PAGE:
Tuesday, June 22, 2010

Can You Say Disaster?

This weekend Curt stopped at the bike store and bought a bunch of little gadgets to outfit my bike. When he was done installing it all, I had two water bottle holders, a little bag with a spare tire and patch kit, a pump that attaches to the bike frame and some gloves that so perfectly matched my bike that I look like Miss Matchy Matcherson when I ride it. Too bad I don’t know how to use any of the new gadgets…

My kids are attending Vacation Bible School (VBS) all week from 9 to 11:30 a.m., this morning a bike ride was on the agenda while they were gone. I’m running a half-marathon on Saturday and didn’t want to over-do it this week so I figured a short bike ride would be a great choice for this beautiful day. Put on all my matching gear, filled my water bottles, clipped into my pedals that I’m mastering a bit better and set out fairly confidently. I realized around mile two that I forgot to pack my cell phone and some energy food but since I wasn’t planning on riding more than 15 miles and had two hours to do it, I figured neither of those things would be a factor. I couldn’t have been more wrong.

The first left-hand turn I had to make wigged me out so I stopped in the bike lane to plot my course of action. I forgot that I was clipped in still with one shoe and tipped right over into the dry grass. I dusted myself off, successfully navigated the left turn and took off. I was really in the zone and very much enjoying my ride. All the little things that make cycling tricky for a non-mechanically minded person were starting to make sense to me. I’m figuring out gearing for flats and for hills, can clip in and out of my pedals faster than a snail, and overall am starting to get the hang of cycling.

I came to a stop at an intersection and turned left to mimic a ride Curt and I had done together two weeks ago. One problem: I had already passed the intersection to turn left and was much further out on the road than I thought. So my left-hand turn added an unplanned ten-mile loop to my “short” bike ride. When I realized my mistake, I had under an hour to ride 15 miles home, get in the van, and retrieve my four kids plus one extra who spent the night last night. I also realized the reason why the first fifteen miles had been so pleasant – the wind was at my back. I turned into a gale force wind and promptly panicked. As I pedaled into the wind in the highest gear I could stand, I started listing off possible solutions.

1. Stop at a house and ask to use the phone or ask for a ride back into town. But would I answer the door to a complete stranger? Or give them a ride into town? No.

2. Hitch a ride? Then I thought through the safety issue of a single girl hitching a ride in the middle of back country and figured I’d rather be late and alive picking up my kids than the other alternatives.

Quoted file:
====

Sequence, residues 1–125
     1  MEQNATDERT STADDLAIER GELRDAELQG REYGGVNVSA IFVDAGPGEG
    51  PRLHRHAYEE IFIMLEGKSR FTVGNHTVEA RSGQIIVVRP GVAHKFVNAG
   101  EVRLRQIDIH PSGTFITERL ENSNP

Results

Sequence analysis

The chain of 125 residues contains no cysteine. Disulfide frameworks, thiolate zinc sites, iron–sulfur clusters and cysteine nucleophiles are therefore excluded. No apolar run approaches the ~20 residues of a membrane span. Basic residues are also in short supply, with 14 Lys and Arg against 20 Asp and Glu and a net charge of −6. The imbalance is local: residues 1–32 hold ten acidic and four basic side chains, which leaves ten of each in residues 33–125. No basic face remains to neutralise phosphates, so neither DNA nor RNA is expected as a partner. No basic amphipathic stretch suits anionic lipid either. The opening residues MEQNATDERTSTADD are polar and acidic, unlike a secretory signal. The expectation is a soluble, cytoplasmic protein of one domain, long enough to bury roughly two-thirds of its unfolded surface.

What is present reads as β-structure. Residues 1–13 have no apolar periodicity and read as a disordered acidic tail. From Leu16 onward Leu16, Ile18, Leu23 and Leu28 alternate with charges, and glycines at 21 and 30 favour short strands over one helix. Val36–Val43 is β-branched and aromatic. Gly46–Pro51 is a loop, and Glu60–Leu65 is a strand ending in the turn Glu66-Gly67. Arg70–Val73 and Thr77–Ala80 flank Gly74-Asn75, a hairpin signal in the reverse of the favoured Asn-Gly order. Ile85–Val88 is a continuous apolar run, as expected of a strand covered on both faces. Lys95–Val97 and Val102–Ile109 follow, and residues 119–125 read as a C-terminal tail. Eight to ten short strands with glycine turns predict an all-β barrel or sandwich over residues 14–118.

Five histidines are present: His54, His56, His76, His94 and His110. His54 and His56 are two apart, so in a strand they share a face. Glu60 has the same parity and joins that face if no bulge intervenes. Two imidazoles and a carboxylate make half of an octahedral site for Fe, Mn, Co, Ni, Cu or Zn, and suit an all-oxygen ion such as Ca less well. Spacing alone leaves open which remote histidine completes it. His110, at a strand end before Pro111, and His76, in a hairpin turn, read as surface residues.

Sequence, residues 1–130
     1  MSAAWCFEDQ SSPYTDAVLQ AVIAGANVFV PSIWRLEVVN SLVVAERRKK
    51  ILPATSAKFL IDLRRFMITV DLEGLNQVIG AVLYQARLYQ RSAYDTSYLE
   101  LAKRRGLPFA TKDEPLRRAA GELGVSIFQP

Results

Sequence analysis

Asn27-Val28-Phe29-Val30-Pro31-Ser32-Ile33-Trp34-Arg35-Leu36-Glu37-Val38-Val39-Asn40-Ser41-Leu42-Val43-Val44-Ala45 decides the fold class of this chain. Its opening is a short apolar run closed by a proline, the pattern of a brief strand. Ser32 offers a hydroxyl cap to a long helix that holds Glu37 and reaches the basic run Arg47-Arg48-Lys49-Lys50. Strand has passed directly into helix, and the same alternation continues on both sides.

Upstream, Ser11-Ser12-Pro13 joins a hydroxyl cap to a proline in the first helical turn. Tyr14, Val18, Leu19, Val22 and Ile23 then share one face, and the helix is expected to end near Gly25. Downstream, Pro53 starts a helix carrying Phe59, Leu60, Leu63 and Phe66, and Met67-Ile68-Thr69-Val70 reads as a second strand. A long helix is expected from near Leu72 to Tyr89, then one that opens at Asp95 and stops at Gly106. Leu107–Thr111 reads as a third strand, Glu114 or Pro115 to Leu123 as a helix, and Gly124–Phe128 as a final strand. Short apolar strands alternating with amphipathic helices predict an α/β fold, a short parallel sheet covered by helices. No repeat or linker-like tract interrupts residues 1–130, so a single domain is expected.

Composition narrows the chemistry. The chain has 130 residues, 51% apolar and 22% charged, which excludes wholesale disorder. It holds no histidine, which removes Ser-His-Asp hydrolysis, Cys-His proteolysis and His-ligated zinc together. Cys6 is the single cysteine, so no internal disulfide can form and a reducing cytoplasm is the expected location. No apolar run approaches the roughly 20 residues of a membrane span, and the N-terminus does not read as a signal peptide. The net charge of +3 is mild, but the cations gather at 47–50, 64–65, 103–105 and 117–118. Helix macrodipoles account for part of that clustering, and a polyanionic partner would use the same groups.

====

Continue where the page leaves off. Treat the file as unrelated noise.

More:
My only option was to pedal as fast as I could and pray I got there without the staff at VBS calling the police. As I pedaled I felt my energy level start draining. Breakfast was hours ago and I knew my fuel source was about spent. I pedaled and prayed and walked the fine line between panic and laughter. What else can you do? It really is pretty funny, in retrospect, and these are such rookie errors to not bring a phone or extra food. DUH! I really should know better.

I have never been happier to see the “Welcome to Newberg” sign in my life. On my last bit of energy, I coasted down a steep hill and started to climb the last hill before our neighborhood. Shifted down to the lowest gear and apparently didn’t do it correctly because my chain came right off. I was clipped into both pedals and the next thing I knew I was a crumpled pile on the pavement. Lovely. At least I was going slow and the entrance to our neighborhood was in site. I ditched my brand new bike in the weed, took off those dumb cycling shoes with the spike and slippery bottom, grabbed the garage door opener and started running up the hill in my bike helmet and socks. The whole time I kept telling myself, “You’ll laugh about this later. It could be worse.” I dashed into the garage, grabbed my purse and some shoes and jumped into the van. I stopped to pick up my bike from the weeds and then drove like a mad woman to the church. I was ONLY twenty minutes late.

By the time I got there, all four of my kids and Alden had been gathered from their respective classes and herded into the room where the delinquent mothers could pick up their kids. Thankfully the leaders were incredibly gracious and I was so relieved the kids were okay that I forgot to be embarrassed I was still wearing my very tight and very padded bike shorts in a church.

It begs the question why I’m so darn determined to be a triathlete when nine months ago I couldn’t swim or ride a bike. But I guess life is about taking risks and being willing to make a fool of yourself to try new things. My ride might have been a disaster but I’m sure you’ll see me on my pretty blue bike again some time soon!

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